1. Foam Rolling

Foam rolling applies pressure to muscles using body weight to aid muscle relaxation and recovery. Sore, tight muscles negatively affect mobility. By foam rolling regularly, bowlers can relieve muscle tightness and pain in the back, legs, shoulders, and other areas stressed in bowling.

Here are key bowling muscles to foam roll:

  • Calf muscles – Roll slowly over lower legs using body weight. Helps recovery after extensive walking/sliding.
  • Quadriceps – Lie face down, supporting yourself on your forearms. Roll quads over the foam roller.
  • Latissimus dorsi – Lie on your side with a roller under the back behind the armpit. Roll up and down from lower to upper back.
  • Glutes – Sit on a roller, placing one leg crossed over the other for leverage. Roll over the buttock.
  1. Walking/Jogging

Aerobic conditioning is important for bowling endurance. Bowling tournaments can last hours, requiring strength and stamina. Low-impact cardio like walking and jogging improves lung capacity, endurance, and leg strength needed to bowl well for long periods.

A regular walking/jogging routine provides excellent cardiovascular benefits for bowling:

  • Start with 1-2 miles of brisk walking to build an endurance base.
  • Progress to jogging short intervals of 0.25-0.5 miles within your walks.
  • Work towards 20-30 minutes of continuous jogging at an easy, comfortable pace.
  • Go for longer walks/jogs of 3-5 miles as fitness improves.

Always include a proper warm-up and cool-down when walking and jogging. Aerobic training enhances bowling fitness and endurance.

  1. Visualization

Mental imagery and visualization techniques help develop muscle memory and accuracy in bowling. Picture yourself going through the perfect bowling sequence in your mind:

  • Visualize your starting position, first step, and slide. See the smooth weight transfer and body alignment.
  • Imagine your backswing and timing of foot placement. Feel the power building.
  • See and feel the precise motions of your release, rotation, and follow-through. Watch the ball strike the pocket powerfully.
  • Visualize your body finishing in an ideal balanced position after the release.

Spend 5-10 minutes daily picturing your perfect bowling form and execution. Visualize successful results like hitting the pocket or picking up difficult spares. This mental rehearsal improves technique, timing, and confidence when actually bowling.

  1. Balance Training

Balance is crucial for controlled footing during the bowling approach and follow-through. Good balance enables you to walk the approach lane straight, slide smoothly, and avoid falling over during the release.

Try these balance exercises to improve bowling stability:

  • Single leg stands – Stand on one leg, maintaining stability without wobbling. Aim for 30-60 seconds per side.
  • Balance board – Stand with one or both feet on a wobbleboard. Keep balanced without stepping off.
  • Walking heel to toe – Walk placing the heel of one foot directly in front of the other toe in a straight line.
  • Single leg swings – Stand on one leg while swinging the other leg front to back and side to side. Stay controlled.

Include balance training 2-3 times per week for better stability when delivering the ball down the lane.

Bringing It All Together – Training Exercises for Bowling

Improving your bowling skills takes a combination of physical and mental training along with plenty of technique practice. Incorporate these 11 exercises into your bowling fitness regimen to become a better player:

  • Wrist curls and hand squeezes for strength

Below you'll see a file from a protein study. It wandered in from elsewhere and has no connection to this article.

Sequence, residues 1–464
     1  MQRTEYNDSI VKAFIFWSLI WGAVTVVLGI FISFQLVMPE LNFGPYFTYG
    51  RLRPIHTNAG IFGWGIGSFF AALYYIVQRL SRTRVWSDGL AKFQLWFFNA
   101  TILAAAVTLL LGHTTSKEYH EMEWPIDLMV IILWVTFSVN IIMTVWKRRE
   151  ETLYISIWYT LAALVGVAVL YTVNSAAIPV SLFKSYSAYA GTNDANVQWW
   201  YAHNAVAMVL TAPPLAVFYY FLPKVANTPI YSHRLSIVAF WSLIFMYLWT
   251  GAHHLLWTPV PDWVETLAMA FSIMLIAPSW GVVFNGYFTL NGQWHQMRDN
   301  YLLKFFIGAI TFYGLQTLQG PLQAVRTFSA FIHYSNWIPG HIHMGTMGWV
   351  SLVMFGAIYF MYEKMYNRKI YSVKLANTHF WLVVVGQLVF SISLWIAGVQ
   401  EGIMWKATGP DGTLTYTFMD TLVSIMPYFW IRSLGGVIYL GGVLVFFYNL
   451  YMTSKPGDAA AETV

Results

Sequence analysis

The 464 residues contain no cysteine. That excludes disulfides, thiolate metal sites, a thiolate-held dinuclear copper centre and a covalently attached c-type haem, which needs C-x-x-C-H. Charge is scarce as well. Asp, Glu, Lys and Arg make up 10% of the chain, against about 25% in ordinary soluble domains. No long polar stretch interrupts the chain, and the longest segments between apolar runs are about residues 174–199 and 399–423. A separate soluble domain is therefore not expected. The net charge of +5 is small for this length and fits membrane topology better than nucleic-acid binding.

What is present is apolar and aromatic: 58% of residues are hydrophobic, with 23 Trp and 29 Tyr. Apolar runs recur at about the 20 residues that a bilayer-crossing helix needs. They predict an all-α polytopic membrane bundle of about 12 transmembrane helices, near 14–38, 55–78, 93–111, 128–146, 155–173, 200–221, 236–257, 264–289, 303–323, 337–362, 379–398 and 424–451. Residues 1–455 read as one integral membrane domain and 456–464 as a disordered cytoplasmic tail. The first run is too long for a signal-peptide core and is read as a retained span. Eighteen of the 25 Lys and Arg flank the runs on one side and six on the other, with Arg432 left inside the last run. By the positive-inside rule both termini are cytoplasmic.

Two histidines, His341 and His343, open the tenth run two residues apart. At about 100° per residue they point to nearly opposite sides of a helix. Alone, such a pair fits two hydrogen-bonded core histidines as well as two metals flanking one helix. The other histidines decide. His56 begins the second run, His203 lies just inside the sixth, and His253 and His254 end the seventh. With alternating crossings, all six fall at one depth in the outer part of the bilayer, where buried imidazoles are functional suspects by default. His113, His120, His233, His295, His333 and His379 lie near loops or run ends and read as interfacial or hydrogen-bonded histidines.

• Shoulder rotations for flexibility
  • Planks for core power
  • Squats and lunges for leg drive
  • Push-ups for upper body strength
  • Hip flexor stretches for mobility
  • Foam rolling to speed recovery
  • Cardio for fitness and endurance
  • Visualization for accuracy
  • Balance training for stability

Work these exercises around your bowling practice to enhance your abilities on the lane. With consistent training, you will drop more pins and up your average in no time!

Frequently Asked Questions

How do you train strength for bowling?

  • Lift weights focus on shoulder, arm, back, chest, and leg exercises like shoulder presses, bicep curls, rows, push-ups, squats, and deadlifts.
  • Use resistance bands to strengthen bowling muscles through a full range of motion.
  • Do bodyweight exercises like planks and lunges to build core strength and leg drive.

How can I improve my bowling fitness?

  • Do cardio like walking, jogging, cycling, or swimming to build endurance for tournaments.
  • Stretch hips, legs, and shoulders regularly to improve flexibility and reduce injury risk.
  • Exercise with high repetition weights to develop muscular endurance.
  • Drink plenty of water and eat a balanced diet to fuel your body.

How do you train for bowling at home?

  • Set up plastic pins or objects as targets and practice your approach and release.
  • Work on grip strength using towels, tennis balls, or hand exercisers.
  • Stand in front of a mirror to visualize and rehearse your bowling form.
  • Use exercise bands for strength training your arms, shoulders, and back.
  • Do bodyweight exercises like planks, push-ups, and squats to build fitness.

How do you build endurance for bowling?

  • Do low-impact cardio like walking, cycling, or swimming for longer periods to build stamina.
  • Bowl practice games regularly to get your body used to the motions.
  • Maintain proper nutrition and hydration before, during, and after bowling.
  • Strengthen your core muscles through planks, sit-ups, and side crunches.
  • Use lighter bowling balls during extended practice to reduce fatigue.

How can a beginner increase bowling ball speed?

  • Use a lighter ball (12-14 lbs) to develop proper swing technique with less strain.
  • Build lower body strength through squats which will boost drive power.
  • Swing the ball straight back and low for optimal pendulum motion.
  • Accelerate ball speed smoothly as you begin downswing towards the release point.
  • Follow through fully and maintain balance after your release.

Are stronger people better at bowling?

  • Having strength in key muscle groups definitely helps with speed, power, and ball control.
  • But proper technique, timing, and form are more important than just strength alone.
  • Work on strength training exercises along with practicing bowling skills.
  • Don’t overdo weights to avoid muscle tightness which can restrict range of motion.

Why am I not improving at bowling?

  • Get coaching to ensure you have proper bowling mechanics and technique.
  • Build overall fitness with strength training, flexibility, and cardio workouts.
  • Analyze and adjust small details like foot placement, timing, grip, and swing path.
  • Be patient and persistent. Bowling skill takes time and practice to develop.
  • Bowl frequently to reinforce muscle memory. Practice makes permanent!